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courtroom-898931_1280-300x226Federal law enforcement has made fentanyl a major priority, and last week a 26-year old Baltimore County man was sentenced to a decade in prison for possession with intent to distribute the deadly narcotic.  According to the statement of facts in the guilty plea, a Woodlawn man fled from Baltimore County Police after they tried to initiate a traffic stop.  During the pursuit officers allegedly observed the suspect throwing objects out of his car window as he fled.  Eventually police caught up with the suspect and search incident to arrest produced a digital scale and a baggie with 40 grams of fentanyl.  Had law enforcement stopped there the man would likely have been prosecuted in state court, but a search of his home pursuant to a warrant produced far more incriminating evidence.  Police ultimately discovered 3 kilograms of fentanyl and a loaded .380 caliber handgun.  The U.S. Attorney’s Office stated in its press release that this amount of fentanyl would be enough to kill 1.5 million people.  The suspect was also prohibited from possessing firearms based on a previous drug conviction in the Circuit Court for Baltimore County.  He also had an earlier drug possession conviction in Baltimore City and a probation before judgement for driving on a suspended license.

The facts of the case were not especially unique and from what we can see the defendant was not alleged to have been an interstate drug trafficker, but the federal government still elected to prosecute this case.  For the last several years the feds have picked up gun and drug cases arising from Baltimore City, but with the sheer amount of fentanyl plus a gun being involved it is no surprise this Baltimore County case went federal.  Most of the time a defendant would much rather be prosecuted in Maryland state court, as the sentencing guidelines are typically lower and there is parole.  However, under these circumstances the defendant likely would have received a similar sentence in state court, as he would have been subject to three Maryland mandatory sentence provisions.  Anyone who is found to be in possession of more than five grams of fentanyl faces a mandatory 5 years in prison.  Additionally, the possession of a firearm in a drug trafficking crime carries a 5-year minimum prison sentence under state law.  The Woodlawn man may have also been subject to charges for possession of a firearm by a convicted felon/ person with a drug conviction under 5-601.  This offense also carries a 5-year mandatory sentence that cannot be suspended unless the prior offense had been closed for more than 5 years.  Closed means probation and parole must have been completed.

The Blog will continue to follow cases traditionally prosecuted in state court that are picked up by federal law enforcement.  A general rule is that any convicted felon who is arrested with a gun in Baltimore City could face federal prosecution, but now it is clear the feds are branching out to the County and other Maryland jurisdictions.  Based on this press release it is also clear that federal law enforcement agencies are actively pursuing anyone involved in fentanyl distribution.  If you have been charged with a gun or drug crime anywhere in Maryland or Florida call criminal defense lawyer Benjamin Herbst anytime at 410-207-2598.  Benjamin specializes in charges for drug possessiondrug distribution, possession with intent to distribute and possession of a firearm by a convicted felon or disqualified person.  He offers free consultations and is available to defend clients from the Eastern Shore to Western Maryland.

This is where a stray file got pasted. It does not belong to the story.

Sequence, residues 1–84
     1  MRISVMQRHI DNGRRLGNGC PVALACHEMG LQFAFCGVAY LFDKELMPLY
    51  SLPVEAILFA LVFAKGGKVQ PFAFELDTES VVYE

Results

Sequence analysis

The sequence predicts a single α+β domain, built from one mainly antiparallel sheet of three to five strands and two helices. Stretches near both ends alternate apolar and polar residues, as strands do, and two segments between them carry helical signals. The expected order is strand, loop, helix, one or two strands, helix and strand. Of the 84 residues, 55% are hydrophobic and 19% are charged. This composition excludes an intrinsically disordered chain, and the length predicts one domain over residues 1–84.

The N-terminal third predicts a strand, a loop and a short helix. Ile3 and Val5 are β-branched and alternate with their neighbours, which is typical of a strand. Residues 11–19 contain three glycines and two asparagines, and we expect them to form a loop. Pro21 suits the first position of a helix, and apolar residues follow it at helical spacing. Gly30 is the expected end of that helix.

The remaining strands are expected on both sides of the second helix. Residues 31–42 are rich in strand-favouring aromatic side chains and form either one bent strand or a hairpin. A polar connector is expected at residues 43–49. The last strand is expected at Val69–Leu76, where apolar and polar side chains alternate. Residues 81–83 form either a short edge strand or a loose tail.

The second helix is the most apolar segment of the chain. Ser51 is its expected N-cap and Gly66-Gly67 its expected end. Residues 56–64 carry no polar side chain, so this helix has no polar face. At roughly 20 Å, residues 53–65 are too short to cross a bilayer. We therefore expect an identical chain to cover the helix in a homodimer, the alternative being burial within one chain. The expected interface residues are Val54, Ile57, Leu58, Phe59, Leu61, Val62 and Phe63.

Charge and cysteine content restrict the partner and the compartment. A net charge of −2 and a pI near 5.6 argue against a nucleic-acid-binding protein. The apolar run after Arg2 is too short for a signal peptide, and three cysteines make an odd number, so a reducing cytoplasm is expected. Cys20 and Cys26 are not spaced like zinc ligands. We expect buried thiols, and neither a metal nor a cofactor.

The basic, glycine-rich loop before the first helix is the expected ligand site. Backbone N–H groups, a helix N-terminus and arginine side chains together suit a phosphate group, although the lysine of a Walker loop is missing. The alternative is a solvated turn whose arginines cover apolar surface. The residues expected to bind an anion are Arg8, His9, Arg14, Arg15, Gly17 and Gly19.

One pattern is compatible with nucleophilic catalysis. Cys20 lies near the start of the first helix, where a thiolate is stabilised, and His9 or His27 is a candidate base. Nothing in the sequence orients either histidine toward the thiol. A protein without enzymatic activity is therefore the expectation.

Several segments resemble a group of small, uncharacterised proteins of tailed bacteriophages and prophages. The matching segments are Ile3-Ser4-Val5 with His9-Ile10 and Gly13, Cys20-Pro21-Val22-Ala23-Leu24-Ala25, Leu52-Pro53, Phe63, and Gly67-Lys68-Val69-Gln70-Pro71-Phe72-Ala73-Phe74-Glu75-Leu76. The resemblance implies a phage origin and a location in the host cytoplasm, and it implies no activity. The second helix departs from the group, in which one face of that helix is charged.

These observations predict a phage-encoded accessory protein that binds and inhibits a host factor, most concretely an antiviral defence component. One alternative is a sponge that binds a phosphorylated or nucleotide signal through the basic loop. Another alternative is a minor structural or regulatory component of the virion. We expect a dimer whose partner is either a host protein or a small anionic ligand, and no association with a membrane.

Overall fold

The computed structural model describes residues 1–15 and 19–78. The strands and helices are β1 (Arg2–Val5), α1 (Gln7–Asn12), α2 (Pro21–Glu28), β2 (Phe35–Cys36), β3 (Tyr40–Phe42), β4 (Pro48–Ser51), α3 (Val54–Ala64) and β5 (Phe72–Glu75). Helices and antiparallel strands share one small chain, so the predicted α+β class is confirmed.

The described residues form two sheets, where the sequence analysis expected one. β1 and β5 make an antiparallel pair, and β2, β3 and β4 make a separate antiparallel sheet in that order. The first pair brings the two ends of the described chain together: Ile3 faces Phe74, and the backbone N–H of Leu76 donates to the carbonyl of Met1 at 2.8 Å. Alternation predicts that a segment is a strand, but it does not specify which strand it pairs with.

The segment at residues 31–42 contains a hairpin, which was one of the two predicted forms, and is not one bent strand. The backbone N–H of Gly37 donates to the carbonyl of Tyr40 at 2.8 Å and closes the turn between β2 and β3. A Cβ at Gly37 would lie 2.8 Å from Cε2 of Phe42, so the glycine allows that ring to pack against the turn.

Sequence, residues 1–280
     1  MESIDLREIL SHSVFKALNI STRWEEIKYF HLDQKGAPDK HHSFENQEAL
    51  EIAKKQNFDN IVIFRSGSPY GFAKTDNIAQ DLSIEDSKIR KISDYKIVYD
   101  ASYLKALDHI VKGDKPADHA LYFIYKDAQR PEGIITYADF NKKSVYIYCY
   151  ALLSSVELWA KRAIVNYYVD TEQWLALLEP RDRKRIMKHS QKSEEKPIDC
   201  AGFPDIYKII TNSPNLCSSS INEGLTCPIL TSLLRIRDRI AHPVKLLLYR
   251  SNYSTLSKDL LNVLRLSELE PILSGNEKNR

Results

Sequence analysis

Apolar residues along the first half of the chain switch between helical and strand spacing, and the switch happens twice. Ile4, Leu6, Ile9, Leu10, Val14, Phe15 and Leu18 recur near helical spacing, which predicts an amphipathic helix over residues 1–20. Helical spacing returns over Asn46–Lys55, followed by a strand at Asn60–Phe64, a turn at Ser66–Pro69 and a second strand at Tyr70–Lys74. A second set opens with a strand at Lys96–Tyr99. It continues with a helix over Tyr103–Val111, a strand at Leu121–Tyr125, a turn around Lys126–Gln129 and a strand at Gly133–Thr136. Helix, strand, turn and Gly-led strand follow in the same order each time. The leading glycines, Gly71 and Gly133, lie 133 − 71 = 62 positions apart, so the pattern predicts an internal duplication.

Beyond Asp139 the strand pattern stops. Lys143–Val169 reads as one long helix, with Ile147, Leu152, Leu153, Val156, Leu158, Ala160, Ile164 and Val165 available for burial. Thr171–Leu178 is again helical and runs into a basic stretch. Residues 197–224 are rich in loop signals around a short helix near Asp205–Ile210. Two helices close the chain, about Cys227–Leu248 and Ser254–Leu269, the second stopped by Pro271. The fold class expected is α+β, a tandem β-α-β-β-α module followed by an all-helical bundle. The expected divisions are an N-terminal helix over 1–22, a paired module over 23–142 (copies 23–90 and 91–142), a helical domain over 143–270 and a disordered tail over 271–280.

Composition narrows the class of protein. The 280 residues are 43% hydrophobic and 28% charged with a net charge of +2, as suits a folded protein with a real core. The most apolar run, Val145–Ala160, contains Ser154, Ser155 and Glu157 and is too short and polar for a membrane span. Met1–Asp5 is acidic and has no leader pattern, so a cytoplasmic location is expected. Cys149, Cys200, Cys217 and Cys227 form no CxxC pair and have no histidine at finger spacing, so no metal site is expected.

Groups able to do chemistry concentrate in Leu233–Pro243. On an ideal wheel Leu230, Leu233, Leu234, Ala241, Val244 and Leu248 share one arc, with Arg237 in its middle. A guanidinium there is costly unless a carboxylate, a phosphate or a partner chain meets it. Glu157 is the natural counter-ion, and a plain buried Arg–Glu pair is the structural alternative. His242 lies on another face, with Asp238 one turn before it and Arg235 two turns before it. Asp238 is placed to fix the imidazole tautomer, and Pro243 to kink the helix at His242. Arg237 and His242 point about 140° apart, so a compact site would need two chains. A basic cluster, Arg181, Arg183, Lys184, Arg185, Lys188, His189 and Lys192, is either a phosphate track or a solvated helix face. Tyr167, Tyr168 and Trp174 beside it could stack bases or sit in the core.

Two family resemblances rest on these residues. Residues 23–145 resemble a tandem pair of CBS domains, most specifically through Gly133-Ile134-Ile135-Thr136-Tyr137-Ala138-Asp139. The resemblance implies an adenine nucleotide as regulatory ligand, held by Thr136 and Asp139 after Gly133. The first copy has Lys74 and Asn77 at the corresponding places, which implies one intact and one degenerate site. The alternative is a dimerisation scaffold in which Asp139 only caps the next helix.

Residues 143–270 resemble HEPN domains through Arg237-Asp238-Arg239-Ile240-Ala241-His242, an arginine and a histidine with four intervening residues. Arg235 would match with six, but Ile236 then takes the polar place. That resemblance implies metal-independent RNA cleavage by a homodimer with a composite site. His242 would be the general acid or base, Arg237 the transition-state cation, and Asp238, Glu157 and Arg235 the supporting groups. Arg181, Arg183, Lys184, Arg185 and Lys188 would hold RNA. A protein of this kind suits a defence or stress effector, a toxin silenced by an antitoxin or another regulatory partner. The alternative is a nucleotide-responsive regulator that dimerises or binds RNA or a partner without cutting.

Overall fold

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police-850054_960_720-300x212Ocean City has seen a dramatic increase in violent crime since welcoming tourists over the past few weeks, and government officials are extremely concerned.  The most serious incidents seem to be clustered around the Boardwalk in the southern part of the 8-mile stretch of beach, but arrests are up throughout the city.  Two weekends ago, the Ocean City Police Department reported 129 arrests compared to 95 during the same time last year.  This increase is even more alarming considering there are fewer visitors this summer due to the Covid-19 pandemic.  In response to the rise in violence, the police department has committed to increasing law enforcement presence by as much as 25 percent around town and on the Boardwalk.  The department will have to hire new officers to keep up with the demand, which will come at a considerable expense to Maryland’s only beachfront town.  The process of hiring new officers will also have to be accelerated due to the immediate demand, but the mayor’s office is confident the city council will be supportive.

Crime spikes hardly come as a surprise in Ocean City during the summer months, as upwards of a quarter million tourists flock from D.C., Maryland, and neighboring states such as Pennsylvania and West Virginia to vacation.  But the crime spikes are typically related to traffic and non-violent offenses.  Underage drinking and open container citations are especially common in Ocean City, and those who receive these citations are often surprised to learn they can have criminal consequences.  Carrying an open container is a crime under the Ocean City municipal code, which makes it punishable by up to 90 days in jail.  DUI is also common, as well as other alcohol induced offenses such as disorderly conduct and trespassing.  Alcohol and peer pressure also motivates the younger crown to indulge in shoplifting and other theft crimes, and arrests for possession with intent to distribute marijuana and narcotics majorly spike to meet the demand of those heading to OCMD to party.  These offenses come with the territory of a popular summer vacation spot with a booming nightlife, and they are crimes the police and Worcester County judicial system can easily keep under control.  The problem lately is that a large number of recent arrests have been for extremely violent offenses such as first-degree assault involving knives and firearms, and the last thing city and county officials want is for their cash cow tourist industry to suffer as a result of the town being labeled as unsafe.